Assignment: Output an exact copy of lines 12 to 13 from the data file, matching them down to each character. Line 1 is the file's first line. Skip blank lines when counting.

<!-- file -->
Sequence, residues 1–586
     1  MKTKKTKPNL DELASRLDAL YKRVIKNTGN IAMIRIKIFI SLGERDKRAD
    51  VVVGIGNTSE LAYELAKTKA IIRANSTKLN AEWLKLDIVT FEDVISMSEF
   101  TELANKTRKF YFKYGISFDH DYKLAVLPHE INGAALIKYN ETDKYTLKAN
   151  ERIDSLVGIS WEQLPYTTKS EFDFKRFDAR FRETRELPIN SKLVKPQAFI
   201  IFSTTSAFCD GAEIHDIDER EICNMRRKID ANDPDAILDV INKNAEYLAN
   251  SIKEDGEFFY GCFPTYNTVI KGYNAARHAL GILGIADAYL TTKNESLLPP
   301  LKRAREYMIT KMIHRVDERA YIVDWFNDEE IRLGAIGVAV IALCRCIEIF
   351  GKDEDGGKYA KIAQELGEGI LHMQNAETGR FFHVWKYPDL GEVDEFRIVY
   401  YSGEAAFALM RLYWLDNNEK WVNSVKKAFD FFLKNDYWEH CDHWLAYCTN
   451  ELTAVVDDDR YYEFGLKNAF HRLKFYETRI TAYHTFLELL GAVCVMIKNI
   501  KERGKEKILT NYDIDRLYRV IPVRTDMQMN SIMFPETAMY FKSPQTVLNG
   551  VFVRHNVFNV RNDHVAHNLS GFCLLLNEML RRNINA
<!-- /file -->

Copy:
   501  KERGKEKILT NYDIDRLYRV IPVRTDMQMN SIMFPETAMY FKSPQTVLNG
   551  VFVRHNVFNV RNDHVAHNLS GFCLLLNEML RRNINA